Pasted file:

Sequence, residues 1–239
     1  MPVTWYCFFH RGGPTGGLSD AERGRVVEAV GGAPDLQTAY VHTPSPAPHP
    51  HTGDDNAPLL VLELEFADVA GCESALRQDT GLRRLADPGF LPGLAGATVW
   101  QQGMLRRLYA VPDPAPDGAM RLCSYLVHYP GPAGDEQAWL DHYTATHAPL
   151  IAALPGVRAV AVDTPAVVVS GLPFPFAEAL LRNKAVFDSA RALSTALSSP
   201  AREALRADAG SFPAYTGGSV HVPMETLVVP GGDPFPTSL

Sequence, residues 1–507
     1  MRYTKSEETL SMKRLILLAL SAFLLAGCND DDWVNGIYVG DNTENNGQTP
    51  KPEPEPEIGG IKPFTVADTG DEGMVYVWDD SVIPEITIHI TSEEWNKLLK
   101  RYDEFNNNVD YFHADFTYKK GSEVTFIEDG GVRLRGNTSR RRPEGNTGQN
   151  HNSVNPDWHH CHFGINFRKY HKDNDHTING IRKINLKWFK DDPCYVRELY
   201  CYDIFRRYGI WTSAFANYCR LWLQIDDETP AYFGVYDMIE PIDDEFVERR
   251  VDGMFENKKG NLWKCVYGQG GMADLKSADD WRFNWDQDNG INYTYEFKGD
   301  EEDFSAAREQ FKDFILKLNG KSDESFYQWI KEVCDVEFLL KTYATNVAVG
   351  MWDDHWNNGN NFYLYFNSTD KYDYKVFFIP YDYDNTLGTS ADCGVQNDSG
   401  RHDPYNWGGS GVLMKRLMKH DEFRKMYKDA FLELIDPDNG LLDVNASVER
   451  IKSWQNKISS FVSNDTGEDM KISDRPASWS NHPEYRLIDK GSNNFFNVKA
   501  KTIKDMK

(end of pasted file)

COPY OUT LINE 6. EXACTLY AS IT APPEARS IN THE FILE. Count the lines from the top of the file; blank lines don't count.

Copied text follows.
   201  AREALRADAG SFPAYTGGSV HVPMETLVVP GGDPFPTSL